Third, it will offer the strongest counterweight to the rise of non-Arab, Shi'ite Iran. Iran spreads two ideologies: Shi'ism and Islamism. Hezbollah offers a perfect fit. Hamas only listens to the second. The Arab world wants to bring Sunni Islamists such as Hamas back into its camp. This will not stop Iran's nuclear ambitions, but it will limit the country's capability for low-intensity proxy warfare. If the Arab world can win back Syria at the same time - even better. This suits Israel's strategic interests, too.

So what are the sticking points? First, the comprehensive peace approach involves bringing in Syria from the cold at a time when the international and the Arab community are alarmed at Syria's build-up of arms, enraged at Assad's rape of Lebanon, and incensed at Damascus' alleged assassination of Rafik Hariri, Lebanon's former prime minister.

Second, the initiative demands that Israel leave East Jerusalem, including the Old City, and uproot half a million Jews. The Arab leadership knows this will not fly. They know the Jewish commitment and connection to Jerusalem and the larger settlement blocks. It is probably an opening position to keep all 22 Arab countries united, but the Jerusalem issue will stir religious emotions throughout the globe. Who knows what will happen when the Jerusalem genie comes out of the lamp?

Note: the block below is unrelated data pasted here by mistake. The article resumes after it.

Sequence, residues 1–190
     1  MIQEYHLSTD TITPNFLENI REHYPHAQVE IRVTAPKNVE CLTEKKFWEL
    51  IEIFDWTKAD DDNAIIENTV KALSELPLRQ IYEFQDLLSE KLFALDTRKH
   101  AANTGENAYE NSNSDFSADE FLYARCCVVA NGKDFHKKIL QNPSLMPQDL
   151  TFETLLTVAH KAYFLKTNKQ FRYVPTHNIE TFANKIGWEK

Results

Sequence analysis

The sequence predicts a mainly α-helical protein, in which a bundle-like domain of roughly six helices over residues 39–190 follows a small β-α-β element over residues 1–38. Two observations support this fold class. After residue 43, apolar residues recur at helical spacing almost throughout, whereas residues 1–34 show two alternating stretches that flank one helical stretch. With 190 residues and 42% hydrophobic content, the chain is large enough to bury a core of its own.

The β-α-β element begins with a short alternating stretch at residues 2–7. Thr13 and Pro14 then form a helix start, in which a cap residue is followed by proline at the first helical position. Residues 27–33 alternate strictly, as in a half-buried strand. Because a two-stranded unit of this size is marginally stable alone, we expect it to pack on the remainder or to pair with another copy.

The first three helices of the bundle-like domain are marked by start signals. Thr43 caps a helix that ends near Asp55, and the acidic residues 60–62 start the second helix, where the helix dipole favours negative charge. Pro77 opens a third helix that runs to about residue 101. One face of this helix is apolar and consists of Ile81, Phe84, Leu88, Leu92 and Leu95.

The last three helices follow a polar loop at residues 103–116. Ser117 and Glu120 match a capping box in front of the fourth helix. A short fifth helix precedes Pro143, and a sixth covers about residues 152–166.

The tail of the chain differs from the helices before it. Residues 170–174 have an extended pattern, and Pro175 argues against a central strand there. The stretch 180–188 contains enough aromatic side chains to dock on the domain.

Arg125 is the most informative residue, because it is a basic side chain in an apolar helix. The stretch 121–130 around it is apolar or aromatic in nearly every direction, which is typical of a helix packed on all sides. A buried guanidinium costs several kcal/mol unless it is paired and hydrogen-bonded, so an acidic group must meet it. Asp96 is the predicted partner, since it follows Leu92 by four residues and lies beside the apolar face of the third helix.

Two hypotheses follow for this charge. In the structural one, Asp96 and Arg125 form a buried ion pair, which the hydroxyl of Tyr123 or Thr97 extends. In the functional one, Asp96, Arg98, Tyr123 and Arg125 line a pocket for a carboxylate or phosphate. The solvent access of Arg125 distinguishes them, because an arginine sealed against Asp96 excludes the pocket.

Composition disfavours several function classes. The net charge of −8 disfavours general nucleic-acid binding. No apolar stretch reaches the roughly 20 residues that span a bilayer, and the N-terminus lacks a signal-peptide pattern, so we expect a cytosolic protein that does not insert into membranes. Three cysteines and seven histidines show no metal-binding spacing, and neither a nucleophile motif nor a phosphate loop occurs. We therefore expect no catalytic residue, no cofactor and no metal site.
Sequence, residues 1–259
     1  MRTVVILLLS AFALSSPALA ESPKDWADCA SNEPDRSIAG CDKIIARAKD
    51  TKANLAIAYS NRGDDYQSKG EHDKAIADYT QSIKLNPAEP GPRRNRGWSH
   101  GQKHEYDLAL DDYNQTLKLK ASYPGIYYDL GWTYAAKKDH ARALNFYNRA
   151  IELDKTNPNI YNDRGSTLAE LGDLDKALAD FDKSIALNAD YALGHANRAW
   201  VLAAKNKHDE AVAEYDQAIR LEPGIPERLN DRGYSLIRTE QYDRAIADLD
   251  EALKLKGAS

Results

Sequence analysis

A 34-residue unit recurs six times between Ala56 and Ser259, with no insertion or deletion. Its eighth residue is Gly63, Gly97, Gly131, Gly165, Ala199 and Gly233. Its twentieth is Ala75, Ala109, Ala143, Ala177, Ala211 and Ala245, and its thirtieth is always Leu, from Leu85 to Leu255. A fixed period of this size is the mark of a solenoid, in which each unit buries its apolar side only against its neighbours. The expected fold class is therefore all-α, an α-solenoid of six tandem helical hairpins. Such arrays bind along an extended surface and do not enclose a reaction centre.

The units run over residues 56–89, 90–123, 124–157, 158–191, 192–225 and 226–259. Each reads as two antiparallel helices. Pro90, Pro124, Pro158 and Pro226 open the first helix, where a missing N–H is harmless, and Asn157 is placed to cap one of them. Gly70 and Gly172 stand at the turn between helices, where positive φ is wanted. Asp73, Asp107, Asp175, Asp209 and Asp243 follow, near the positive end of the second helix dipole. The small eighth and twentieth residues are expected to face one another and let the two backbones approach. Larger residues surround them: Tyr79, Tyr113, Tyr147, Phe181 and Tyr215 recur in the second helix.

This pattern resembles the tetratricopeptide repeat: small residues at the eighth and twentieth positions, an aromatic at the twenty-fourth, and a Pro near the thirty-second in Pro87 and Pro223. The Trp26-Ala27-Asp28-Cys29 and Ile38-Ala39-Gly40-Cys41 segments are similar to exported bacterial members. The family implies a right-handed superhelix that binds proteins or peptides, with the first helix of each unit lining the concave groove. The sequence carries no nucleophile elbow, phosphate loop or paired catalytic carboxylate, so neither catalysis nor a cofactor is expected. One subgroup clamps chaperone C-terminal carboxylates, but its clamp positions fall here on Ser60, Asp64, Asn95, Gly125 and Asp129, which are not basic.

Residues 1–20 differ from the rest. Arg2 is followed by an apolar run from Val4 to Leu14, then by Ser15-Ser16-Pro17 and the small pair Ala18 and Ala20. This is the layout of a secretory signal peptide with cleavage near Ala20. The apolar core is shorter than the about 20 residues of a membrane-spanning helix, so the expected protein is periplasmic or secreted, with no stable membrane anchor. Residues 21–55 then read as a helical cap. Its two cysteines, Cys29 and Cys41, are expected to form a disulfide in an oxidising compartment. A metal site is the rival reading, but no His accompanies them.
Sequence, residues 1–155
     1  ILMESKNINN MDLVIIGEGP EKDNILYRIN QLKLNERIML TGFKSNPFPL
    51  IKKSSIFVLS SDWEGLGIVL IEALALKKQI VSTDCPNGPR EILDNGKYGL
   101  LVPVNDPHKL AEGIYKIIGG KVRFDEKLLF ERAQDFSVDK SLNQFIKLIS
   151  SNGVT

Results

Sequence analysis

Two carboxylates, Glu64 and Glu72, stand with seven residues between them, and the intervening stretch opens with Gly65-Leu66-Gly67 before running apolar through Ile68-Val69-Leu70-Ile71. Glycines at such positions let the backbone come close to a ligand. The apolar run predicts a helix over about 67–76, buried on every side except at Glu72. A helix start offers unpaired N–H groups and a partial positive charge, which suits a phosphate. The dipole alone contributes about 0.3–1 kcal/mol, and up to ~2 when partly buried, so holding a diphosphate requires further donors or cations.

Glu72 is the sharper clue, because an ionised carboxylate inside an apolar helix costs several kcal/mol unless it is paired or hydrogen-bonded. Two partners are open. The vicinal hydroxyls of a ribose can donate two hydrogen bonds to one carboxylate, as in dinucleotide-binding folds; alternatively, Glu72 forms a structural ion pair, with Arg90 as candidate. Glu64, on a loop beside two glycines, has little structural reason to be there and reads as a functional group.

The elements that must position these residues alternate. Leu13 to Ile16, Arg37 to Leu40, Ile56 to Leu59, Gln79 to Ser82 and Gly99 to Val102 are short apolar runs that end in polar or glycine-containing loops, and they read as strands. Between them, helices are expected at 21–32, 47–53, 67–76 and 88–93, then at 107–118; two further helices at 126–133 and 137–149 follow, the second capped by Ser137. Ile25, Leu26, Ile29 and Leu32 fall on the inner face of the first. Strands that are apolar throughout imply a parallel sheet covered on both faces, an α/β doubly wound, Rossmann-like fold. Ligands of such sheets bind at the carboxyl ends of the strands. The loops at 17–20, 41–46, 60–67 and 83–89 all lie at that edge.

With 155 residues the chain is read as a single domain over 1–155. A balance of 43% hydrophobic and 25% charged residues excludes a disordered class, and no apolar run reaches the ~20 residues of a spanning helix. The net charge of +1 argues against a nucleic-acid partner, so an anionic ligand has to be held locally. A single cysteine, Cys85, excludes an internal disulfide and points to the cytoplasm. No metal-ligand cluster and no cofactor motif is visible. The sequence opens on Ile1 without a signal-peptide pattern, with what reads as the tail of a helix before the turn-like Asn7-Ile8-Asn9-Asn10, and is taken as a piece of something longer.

Finally, the refugees. The Palestinian refugees dispersed throughout Syria, Lebanon and the Arab world will shout for a return to Israel, not Palestine. The Jewish refugees from Arab countries will shout for compensation. But don't be fooled, the key issue is "justice." The Arabs want Israel to take historic responsibility for starting the 1948 war and creating the Palestinian refugees. The Israelis remember the Palestinian collaboration with the Nazis and their calls to ethnically cleanse all the Jews of Arab and Muslim lands. This was a war of survival, not one of retribution.

The initiative is bringing sworn enemies together - the Islamists and Israel. It is bringing both sides' dirty laundry out into the open. The Islamists in the Arab world still want to destroy Israel, but will be forced to recognize the existence of the Jewish State. Israel, which prefers negotiating with nationalists and always feared the power of the Islamists behind Arafat, will have to accept the existence of a predominantly Islamist government in Palestine.

This is not a pan-Arab initiative, but a pan-Islamo-Arab initiative. That is why it comes from Saudi Arabia, the heart of Islam and not Egypt, the heart of the modern Arab world. Israel should react positively because ultimately it needs to make peace with the Islamic people of the Arab world and not just with their Westernized leaders.

So does the initiative have legs? Yes. Will it make it to the finishing line? Maybe. But what is for certain is that it is the best way to reduce the growing influence of Iran and contain the Islamists in the region, and maybe the world. Is this third time lucky? I hope so.

Terry Newman is the former Political Aide to Lord Janner of Braunstone in the British Parliament. He currently works between Egypt and Israel as a political analyst and business consultant. (